Gantt's Positive Attitude Impacts Project Management's Development
While Taylor earned the scorn of critics for his low opinion of the American worker’s intelligence, Gantt held a different philosophy that allowed his ideas to spread more readily. Instead of concerning himself with profit and efficiency, Gantt focused on the empowerment of the American worker through organized action. Like Taylor, Gantt believed that improved efficiency would lead to shorter workweeks and higher wages. However, Gantt also focused on the American ideal of worker satisfaction. Given a choice, Gantt believed, laborers would prefer to work hard as part of a team with clear goals, deadlines, and incentives. Many of his ideas about motivation and compensation still influence the HR policies at the world’s biggest corporations.
Of course, Henry Gantt wasn’t the only business strategist developing the nascent role of a project manager in industry. Polish economist Karol Adamiecki is widely credited with developing a charting system very similar to Gantt’s at about the same time. Without the benefit of English language publication and Gantt’s exposure to American industry, it would take a few more decades before project management professionals would start to feel his influence.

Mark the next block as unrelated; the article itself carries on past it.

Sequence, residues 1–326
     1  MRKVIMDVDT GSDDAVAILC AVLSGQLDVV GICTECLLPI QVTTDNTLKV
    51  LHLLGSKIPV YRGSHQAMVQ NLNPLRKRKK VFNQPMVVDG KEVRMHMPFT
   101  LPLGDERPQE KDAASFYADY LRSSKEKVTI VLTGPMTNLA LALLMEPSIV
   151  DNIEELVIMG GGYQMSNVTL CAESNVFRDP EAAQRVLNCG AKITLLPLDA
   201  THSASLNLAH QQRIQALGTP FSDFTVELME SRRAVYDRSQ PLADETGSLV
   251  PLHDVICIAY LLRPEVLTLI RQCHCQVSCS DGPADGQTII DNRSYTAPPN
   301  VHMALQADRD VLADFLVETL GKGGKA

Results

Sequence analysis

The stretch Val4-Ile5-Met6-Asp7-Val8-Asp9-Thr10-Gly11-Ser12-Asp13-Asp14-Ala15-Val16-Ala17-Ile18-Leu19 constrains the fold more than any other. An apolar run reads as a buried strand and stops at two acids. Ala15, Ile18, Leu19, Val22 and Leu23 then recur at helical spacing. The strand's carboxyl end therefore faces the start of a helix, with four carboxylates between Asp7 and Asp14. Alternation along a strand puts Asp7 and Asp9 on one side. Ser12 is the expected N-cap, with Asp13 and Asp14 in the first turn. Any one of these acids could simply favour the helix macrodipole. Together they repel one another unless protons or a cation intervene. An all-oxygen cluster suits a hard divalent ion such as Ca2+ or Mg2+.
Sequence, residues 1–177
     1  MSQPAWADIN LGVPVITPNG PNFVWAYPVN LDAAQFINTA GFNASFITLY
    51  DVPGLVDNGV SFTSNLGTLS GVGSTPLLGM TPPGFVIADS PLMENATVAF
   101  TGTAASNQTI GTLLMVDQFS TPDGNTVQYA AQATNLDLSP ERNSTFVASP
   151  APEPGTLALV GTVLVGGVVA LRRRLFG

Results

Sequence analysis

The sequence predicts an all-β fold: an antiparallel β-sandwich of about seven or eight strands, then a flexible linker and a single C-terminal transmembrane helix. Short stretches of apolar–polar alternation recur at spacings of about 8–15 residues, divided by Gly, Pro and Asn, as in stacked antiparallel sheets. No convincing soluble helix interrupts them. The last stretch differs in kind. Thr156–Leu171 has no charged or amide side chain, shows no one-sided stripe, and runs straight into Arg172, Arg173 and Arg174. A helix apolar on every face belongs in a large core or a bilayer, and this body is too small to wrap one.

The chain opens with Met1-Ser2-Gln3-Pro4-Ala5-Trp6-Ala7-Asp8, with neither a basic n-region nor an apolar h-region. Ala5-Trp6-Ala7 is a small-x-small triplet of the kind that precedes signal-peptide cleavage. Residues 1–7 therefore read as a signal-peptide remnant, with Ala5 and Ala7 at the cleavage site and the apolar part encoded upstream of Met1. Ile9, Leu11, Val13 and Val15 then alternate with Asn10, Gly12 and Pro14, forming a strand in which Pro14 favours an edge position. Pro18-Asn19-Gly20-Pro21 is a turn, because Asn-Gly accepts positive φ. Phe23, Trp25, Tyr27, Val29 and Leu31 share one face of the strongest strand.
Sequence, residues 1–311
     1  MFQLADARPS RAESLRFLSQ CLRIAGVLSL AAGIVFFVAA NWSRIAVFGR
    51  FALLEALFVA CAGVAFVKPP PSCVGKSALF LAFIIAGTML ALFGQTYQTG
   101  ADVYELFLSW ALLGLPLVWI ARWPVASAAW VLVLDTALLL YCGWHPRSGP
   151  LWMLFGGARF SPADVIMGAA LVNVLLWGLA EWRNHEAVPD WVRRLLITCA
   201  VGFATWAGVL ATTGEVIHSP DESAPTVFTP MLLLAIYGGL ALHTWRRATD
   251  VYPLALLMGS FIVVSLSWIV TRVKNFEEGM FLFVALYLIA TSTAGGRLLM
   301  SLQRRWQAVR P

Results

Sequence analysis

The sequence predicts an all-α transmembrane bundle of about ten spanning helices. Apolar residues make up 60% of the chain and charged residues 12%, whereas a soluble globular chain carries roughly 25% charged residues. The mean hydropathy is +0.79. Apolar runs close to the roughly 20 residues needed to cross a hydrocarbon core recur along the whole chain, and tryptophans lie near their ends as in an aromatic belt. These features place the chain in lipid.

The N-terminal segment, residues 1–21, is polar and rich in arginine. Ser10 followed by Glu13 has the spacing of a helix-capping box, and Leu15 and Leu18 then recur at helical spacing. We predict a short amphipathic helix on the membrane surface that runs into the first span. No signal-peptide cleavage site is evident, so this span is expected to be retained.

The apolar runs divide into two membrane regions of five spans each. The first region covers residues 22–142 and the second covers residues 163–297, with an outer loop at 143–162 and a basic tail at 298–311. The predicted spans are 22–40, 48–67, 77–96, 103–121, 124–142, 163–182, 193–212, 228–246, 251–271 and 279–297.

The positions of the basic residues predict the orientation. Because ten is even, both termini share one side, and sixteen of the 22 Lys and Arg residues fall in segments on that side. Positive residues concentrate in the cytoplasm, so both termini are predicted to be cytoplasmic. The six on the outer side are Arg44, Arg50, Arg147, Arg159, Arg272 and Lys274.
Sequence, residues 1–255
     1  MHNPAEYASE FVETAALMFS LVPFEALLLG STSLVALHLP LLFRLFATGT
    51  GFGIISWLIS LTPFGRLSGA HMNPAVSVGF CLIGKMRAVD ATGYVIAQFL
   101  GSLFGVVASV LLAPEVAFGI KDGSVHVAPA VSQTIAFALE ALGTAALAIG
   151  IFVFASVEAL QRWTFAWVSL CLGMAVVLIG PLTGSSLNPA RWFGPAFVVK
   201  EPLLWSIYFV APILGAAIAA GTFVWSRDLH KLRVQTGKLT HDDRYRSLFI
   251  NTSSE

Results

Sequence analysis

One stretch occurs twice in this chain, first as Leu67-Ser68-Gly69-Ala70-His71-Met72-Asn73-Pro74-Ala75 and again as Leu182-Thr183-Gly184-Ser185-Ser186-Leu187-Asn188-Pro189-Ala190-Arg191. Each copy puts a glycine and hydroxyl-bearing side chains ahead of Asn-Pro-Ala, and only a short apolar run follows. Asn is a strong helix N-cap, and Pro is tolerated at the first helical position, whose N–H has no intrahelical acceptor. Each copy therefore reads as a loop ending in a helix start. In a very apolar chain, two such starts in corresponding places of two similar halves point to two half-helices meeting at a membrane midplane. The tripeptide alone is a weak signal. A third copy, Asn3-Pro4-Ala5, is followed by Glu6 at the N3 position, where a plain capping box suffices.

Nonetheless, Gantt laid the foundations of project management through his consulting practice and in a series of books written between 1903 and 1919. By the time his final book was published, Gantt had developed strong theories about task scheduling and professional development. He believed that minimizing interference between tasks could unlock the true potential of teams, and that tracking efficiency over time could lead to stronger productivity.
Although Gantt designed his charts with everyday tasks and quarterly evaluations in mind, a new generation of project management professionals would use his work to keep pace with the evolving nature of work in the 20th Century…